Summary

I had a fantastic summer researching, and this will be my final post! I can’t wait for the Summer Research Showcase. It has been a great experience, and I am, again, extremely grateful to all who made this opportunity possible.

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Coming to a Close

With classes now suddenly in full swing my research has come to a close, which is disappointing, because it felt as though the more I learned and the more leads I got the more I realized how little I knew and how much there was left for me to learn. I’ve been spending some more time on the sites Ms. Vestal pointed out to me- the HUDD research site as well as the Cooper Center. I have had some success looking at these sites, but not too much. Unfortunately, Williamsburg is such a small and relatively unpopulated area so there is not much data on it, and what I’m researching is such a specific subject so there really is not much to find. I did finally finish reading Where the Other Half Lives, edited by Sarah Glynn. Most of the focus was on housing in the United Kingdom, but some of what was said could be applied to the United States as well, so it proved to be somewhat beneficial. Another focus in the book was on how neoliberal policies have affected the housing crisis. This truly began in the 1970s, with the methodical destruction of subsidized public housing in the United States in order to promote “self-sufficiency” and reduce the amount of government involvement. The book did best in providing a timeline for monumental moments in the history of low-income housing, but not necessarily within the United States. Again, there is still so much left for me to learn, but with the fall semester here, it is sadly time for my research to come to a close.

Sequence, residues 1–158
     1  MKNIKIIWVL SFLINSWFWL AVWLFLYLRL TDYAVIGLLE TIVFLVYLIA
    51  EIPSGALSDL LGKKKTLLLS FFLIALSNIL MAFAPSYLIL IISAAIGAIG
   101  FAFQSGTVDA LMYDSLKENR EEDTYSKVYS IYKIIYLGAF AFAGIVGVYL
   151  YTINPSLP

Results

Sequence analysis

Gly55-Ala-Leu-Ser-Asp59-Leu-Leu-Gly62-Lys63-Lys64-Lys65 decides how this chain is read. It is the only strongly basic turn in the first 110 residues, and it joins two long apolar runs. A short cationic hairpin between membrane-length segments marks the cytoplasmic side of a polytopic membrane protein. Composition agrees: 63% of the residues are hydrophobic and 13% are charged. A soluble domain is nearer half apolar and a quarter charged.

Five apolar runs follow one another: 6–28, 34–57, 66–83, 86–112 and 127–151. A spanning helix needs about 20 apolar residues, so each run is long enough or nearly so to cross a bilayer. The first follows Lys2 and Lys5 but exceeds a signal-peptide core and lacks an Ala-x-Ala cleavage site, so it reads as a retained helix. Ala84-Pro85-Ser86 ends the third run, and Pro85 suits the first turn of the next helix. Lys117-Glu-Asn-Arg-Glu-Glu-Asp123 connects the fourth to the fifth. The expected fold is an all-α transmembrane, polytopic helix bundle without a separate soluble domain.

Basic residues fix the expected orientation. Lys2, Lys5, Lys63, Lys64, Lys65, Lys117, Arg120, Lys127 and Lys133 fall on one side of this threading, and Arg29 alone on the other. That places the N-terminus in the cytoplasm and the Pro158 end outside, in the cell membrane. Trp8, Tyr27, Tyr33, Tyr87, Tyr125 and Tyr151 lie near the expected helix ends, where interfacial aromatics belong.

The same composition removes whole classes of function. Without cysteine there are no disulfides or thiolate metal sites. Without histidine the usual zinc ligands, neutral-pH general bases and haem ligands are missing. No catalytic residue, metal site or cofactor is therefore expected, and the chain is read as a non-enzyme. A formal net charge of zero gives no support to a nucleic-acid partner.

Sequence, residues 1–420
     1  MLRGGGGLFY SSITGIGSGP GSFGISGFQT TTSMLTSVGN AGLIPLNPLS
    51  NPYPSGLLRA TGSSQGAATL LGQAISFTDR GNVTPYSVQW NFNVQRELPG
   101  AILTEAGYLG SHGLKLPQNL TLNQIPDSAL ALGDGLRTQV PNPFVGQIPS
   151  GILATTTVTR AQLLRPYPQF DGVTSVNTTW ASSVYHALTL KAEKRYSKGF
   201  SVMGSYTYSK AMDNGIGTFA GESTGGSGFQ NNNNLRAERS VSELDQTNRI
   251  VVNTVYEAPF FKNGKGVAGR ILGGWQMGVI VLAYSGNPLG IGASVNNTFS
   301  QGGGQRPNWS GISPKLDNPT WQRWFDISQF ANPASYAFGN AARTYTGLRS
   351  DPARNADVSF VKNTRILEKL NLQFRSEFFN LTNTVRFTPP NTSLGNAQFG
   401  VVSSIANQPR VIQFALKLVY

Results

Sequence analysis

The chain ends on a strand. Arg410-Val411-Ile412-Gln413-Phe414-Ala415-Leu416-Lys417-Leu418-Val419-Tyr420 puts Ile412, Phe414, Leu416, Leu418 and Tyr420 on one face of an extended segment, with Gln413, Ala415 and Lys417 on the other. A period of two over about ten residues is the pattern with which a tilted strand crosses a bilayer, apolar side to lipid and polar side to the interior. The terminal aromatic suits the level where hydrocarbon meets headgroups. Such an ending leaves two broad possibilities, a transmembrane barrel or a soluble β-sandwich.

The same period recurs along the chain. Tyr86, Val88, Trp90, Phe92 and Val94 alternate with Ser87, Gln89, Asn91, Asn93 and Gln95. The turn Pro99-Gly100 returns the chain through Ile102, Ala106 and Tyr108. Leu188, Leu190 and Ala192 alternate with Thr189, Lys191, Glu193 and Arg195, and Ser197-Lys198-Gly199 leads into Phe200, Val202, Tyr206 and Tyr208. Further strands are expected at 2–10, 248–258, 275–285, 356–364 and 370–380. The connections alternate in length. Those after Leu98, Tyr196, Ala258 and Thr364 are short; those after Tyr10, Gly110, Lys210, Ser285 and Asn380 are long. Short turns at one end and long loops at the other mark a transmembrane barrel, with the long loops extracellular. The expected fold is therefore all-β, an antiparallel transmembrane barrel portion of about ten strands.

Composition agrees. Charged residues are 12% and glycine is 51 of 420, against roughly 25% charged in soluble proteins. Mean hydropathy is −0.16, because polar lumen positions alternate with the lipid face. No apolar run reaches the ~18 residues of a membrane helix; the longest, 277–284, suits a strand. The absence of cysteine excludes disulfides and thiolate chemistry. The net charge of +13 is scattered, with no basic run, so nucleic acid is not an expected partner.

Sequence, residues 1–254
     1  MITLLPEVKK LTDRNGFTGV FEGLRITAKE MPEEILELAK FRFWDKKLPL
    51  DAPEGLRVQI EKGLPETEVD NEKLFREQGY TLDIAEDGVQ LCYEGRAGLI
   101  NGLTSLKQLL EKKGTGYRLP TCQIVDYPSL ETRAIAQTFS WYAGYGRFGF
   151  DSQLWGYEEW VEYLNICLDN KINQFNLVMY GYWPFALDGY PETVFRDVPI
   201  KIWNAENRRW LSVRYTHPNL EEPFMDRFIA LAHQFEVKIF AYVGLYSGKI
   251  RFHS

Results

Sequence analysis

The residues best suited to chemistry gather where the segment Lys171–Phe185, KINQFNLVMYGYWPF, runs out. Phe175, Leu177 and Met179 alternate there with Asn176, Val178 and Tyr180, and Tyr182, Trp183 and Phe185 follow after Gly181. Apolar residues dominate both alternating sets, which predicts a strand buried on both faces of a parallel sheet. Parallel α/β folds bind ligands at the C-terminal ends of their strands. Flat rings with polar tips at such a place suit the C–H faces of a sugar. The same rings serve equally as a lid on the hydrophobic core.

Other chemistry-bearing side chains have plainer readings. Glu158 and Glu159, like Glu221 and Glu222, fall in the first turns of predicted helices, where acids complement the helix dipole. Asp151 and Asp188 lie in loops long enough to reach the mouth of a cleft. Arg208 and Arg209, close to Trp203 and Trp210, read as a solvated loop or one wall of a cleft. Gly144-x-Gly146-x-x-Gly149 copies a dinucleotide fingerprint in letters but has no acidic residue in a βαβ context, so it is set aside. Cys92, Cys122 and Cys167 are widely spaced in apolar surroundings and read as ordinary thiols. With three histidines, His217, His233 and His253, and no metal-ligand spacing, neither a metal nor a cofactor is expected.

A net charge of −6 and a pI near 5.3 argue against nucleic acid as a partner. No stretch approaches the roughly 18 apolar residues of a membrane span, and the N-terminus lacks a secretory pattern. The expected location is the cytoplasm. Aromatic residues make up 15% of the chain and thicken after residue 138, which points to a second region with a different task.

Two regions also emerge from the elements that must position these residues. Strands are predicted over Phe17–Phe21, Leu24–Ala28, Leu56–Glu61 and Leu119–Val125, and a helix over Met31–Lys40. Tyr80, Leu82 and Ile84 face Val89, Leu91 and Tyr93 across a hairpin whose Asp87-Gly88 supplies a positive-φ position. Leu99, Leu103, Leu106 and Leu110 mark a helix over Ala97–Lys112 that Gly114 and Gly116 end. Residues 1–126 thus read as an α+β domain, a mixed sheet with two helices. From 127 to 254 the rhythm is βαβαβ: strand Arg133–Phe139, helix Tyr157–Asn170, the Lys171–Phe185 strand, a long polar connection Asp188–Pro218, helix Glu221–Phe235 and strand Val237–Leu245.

What it takes (To Get Good Data)

There are things to be said about both “field work” and “lab work.” Doing work in bacteriophage ecology, you get a taste of both. I can say that going outside to collect samples is hard, sweaty work (especially in the throes of Williamsburg swamp summer). To avoid the dangers (to me, that means ticks for the most part. *shudders*), you can work in a nice air-conditioned lab room, but you have to trade out seeing the sun. Either way, we all know that there is SO much more going on behind the scenes than what is neatly summed up in the “Methods” section of a journal article.

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Sampling in the Rain

The main goal of this experiment is to essential examine the functionality of a wet retention pond (storm water retention pond). There are many implications to the results, as discussed in the abstract. Obviously, the first step is to gather samples from the pond of interest, located in the neighborhood of Longhill Grove.

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Summing Up

Back from Tanzania and back on campus, I’ve had the chance to analyze my findings from the summer and reflect on my project as a whole. Overall in the span of about 5 week, I conducted 12 interviews with members of 11 organizations. All of my respondents were all professionals dealing with the implementation of Tanzania’s National Nutrition Strategy (NNS). Their organizations ranged from Tanzanian governmental agencies to UN bodies to private businesses. Their insights taught me about how nutritional policy is implemented, but more broadly about how international development is done.

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